The World Before Mirrors by Joan Connor
(River Teeth Literary Nonfiction Prize)

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Synopsis

"What do you do for a living?" the podiatrist (or the photographer or the woman in the train station) asks, and Joan Connor answers, "I’m a writer," waiting with a cringe for the inevitable rejoinder: "Oh, boy, do I have a story for you!"

How such offerings, not stories but small reports from the thick of life, become rich reflections on the nature of waiting and writing, language and love, memory and hope, is the mystery of this award-winning collection of essays. Traveling between the poles of Ohio and Vermont, childhood and motherhood, Connor writes of a peripatetic family whose oddities make the quirks of a Thurber household seem downright subdued; of a thirteen-year-old son as an unlikely companion through the torments of middle-aged dating; of old loves and new; and through it all, of writing as a means of finding the shortest distance between two lines: hope. With language that distills insight from anecdote and transforms the stuff of middling life into telling metaphor, The World Before Mirrors, winner of the River Teeth Literary Nonfiction Prize, lifts the telling of a life’s stories into the realm of flight.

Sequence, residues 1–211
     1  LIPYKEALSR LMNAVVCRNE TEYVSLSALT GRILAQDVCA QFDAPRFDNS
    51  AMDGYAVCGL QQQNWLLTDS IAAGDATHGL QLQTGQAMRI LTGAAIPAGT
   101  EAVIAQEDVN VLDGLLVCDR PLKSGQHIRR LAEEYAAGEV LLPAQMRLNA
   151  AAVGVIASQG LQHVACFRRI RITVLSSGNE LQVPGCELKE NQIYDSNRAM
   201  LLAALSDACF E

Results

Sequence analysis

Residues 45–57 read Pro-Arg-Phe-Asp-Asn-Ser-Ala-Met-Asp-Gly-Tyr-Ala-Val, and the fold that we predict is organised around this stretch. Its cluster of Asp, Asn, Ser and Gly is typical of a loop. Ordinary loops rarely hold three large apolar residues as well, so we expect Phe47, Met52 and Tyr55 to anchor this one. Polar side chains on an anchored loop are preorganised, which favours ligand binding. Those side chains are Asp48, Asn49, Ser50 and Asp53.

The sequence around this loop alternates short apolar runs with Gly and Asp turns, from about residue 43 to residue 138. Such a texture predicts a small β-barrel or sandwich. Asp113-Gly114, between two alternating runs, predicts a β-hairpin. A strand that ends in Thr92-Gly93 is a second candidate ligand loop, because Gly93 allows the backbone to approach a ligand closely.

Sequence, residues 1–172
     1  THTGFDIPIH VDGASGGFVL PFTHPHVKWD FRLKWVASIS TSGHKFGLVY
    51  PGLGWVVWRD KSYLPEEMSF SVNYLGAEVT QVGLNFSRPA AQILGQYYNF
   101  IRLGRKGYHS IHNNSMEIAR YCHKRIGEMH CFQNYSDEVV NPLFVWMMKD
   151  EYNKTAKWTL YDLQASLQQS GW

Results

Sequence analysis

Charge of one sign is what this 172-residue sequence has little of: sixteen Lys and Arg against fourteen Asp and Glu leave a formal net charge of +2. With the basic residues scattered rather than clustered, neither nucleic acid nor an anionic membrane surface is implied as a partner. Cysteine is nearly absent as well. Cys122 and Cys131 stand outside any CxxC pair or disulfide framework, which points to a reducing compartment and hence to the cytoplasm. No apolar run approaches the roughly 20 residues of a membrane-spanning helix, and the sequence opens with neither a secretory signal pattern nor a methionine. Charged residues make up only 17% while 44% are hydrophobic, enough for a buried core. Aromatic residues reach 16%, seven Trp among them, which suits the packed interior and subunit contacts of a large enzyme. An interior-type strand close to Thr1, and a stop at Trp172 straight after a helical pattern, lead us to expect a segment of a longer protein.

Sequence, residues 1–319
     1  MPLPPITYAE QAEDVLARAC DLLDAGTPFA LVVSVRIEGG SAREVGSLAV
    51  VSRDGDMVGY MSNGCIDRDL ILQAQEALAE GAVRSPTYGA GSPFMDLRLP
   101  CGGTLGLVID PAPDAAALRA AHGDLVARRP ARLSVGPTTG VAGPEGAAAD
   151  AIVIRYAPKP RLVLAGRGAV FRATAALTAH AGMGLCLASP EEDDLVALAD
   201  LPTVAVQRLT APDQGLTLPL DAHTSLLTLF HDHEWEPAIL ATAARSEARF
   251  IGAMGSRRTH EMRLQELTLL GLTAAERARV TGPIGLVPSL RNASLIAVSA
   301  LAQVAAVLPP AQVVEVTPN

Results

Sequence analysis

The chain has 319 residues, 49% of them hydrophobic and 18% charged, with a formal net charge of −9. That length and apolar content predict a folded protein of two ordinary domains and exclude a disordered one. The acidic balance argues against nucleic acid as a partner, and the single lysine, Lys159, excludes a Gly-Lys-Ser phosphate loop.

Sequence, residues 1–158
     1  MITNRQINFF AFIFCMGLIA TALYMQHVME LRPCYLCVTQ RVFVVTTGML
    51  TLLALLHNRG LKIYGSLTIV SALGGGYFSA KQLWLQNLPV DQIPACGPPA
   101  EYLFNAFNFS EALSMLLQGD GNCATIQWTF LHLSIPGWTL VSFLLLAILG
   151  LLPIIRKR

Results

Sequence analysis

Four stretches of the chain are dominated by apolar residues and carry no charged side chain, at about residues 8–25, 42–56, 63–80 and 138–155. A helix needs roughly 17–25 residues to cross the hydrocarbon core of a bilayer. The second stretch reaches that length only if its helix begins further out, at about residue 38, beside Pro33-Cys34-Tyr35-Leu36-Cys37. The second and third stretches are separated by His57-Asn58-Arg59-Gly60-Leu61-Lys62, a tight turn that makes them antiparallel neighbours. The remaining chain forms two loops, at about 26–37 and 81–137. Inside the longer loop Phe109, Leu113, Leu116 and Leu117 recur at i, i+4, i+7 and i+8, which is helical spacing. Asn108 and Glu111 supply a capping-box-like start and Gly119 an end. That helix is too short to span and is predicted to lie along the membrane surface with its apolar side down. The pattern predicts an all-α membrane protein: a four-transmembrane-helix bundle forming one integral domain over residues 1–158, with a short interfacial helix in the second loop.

About Joan Connor

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Joan Connor is a professor of fiction writing at Ohio University and a co-director of the University of Southern Maine’s Stonecoast MFA Program. Her third collection of short stories, History Lessons, won the 2002 AWP Award in Short Fiction. A recipient of an Ohio Arts Council Grant and a Pushcart Prize, Connor is also the winner of the John Gilgun Award and the Ohio Writer Award in fiction and nonfiction.
 
Published June 1, 2006 by Bison Books. 148 pages
Genres: Biographies & Memoirs, Literature & Fiction. Non-fiction

Unrated Critic Reviews for The World Before Mirrors

Project MUSE

In an essay collection, it follows, the reader enters not just the mind of the essayist, but the many-roomed mansion that is the heart and soul of the writer, the very world as seen through the writer's lens.

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